14. The older I get, the less I seem to understand. I am truly shocked to see the majority consensus on a classical education board cheering censorship. If I didn’t read banned books, I’d have missed some great works. This is truly sad to me. I trust people to be able to make their own decisions about what to read or not read. Obviously, I’m in the minority...
  15. My son was just accepted to Cornell early decision, so he just pulled his application to Georgia Tech. We visited the math department last February. It was our last real life experience before the lockdowns :(. We met with a math professor to discuss computer science and math opportunities at GT. She was absolutely wonderful, and very encouraging about our son’s homeschool experience. I have no idea whether my son would have been admitted or not, but I did feel that everyone we talked to on campus was extremely friendly and open to homeschooled students’ applications. Best of luck to your student!!
  16. This is what I did with my only. In elementary, for the content subjects, we read. And we read. And we read. I learned a ton! He seamlessly transitioned into more traditional textbook programs for history and science as he approached middle school. It served us well. My one student is heading to Cornell in the fall😊. I’d encourage you to go for it, and enjoy learning with your littles. The added benefit to this approach is all of the wonderful memories you will make along the way.
  17. My elderly parents in Texas have been without electricity and water since midnight Saturday. I am stuck across the country from them and feel so very helpless... It has been hard to read and listen to all of the blame games and finger pointing, when I really just want for people to get help and be safe. Prayers for everyone in Texas dealing with such awful conditions right now, and a huge thank you to all who have shown such compassion for your fellow man.
  18. I agree with the other posters in that it depends on the school. My son’s university accepts applications by college, and the requirements do vary quite a bit. You are very wise to be thinking about these questions now, while your students are young! Knowledge is power in the college application season!
  19. Full disclosure: My son was just accepted to his dream school early decision. His school does not release detailed statistics about the early decision acceptances. However, keep in mind that at many schools, the ED admissions numbers also include legacy students and student athletes. If you factor out these students at some schools, the ED bump doesn’t appear to be much of a bump at all. As to your original question, there are escape clauses to ED if students cannot make the finances add up.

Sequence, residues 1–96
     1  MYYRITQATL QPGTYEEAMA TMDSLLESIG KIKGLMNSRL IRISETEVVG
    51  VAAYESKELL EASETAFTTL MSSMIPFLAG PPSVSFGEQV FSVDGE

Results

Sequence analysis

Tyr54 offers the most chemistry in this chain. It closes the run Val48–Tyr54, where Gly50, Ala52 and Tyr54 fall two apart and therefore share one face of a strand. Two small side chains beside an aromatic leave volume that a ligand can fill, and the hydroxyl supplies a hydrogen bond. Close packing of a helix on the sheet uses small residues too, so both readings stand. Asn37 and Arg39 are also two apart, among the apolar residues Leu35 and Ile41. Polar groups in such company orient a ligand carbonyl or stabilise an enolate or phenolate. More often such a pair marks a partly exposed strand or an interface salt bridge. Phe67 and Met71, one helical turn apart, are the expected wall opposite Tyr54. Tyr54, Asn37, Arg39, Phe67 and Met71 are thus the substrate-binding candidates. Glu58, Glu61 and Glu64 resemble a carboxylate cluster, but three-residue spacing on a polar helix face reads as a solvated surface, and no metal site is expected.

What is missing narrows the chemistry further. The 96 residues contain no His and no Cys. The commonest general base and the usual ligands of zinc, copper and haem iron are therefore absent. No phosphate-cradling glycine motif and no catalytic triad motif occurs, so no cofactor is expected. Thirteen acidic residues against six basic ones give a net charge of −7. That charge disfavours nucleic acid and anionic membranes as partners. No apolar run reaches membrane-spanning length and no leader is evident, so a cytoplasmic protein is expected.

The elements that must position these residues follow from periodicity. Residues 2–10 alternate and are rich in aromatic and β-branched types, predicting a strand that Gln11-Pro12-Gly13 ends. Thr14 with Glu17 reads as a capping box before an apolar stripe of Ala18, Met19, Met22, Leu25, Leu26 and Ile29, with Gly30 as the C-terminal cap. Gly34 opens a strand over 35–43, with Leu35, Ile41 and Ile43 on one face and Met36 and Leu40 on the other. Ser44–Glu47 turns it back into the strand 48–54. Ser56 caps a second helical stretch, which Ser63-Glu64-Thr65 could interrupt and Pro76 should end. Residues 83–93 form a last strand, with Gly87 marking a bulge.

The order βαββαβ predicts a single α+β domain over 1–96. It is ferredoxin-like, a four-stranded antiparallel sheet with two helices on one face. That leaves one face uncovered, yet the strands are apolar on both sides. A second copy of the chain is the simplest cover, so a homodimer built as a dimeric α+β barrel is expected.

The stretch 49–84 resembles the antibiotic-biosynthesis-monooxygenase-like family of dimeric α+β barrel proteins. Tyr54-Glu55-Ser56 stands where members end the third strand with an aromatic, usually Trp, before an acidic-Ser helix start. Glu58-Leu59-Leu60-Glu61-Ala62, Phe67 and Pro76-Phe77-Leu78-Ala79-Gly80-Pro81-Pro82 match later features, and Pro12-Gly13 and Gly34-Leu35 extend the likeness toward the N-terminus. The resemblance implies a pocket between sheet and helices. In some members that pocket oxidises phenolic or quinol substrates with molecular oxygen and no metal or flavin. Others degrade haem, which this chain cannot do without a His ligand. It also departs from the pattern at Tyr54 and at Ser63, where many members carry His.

20. Thank you so very much for bringing this to my attention. These are wonderful!!
  21. I second both the use of the released College Board tests and the Meltzer reading comprehension books. In addition, my son really got a lot of use from the Panda SAT prep books as well. He liked both the math and the writing books. Good luck to your students!!
  22. I agree that it is worth the drive if it’s at all possible. I so hope your friend’s daughter ends up at a college she loves. This dang pandemic is tough in so many ways.
  23. That really stinks. I’m so very sorry to hear that. College admissions does seem to be based largely on black magic sometimes.
  24. He did not. He was lucky enough to have already taken both the SAT and a couple of subject tests in the fall of his junior year, and did well enough that they sufficed. I will say that we sent in copious homeschool course descriptions and reading lists, and he has worked two computer science internships, has tons of volunteer hours, and has taken and made As in courses from other four-year universities. Additionally, Cornell allowed five letters of recommendation and a professional resume. I felt that the process allowed for us to present a very broad picture of who he is as a student. All that to say, I don’t think applying test-optional would be the end of the world...they really look at many aspects😊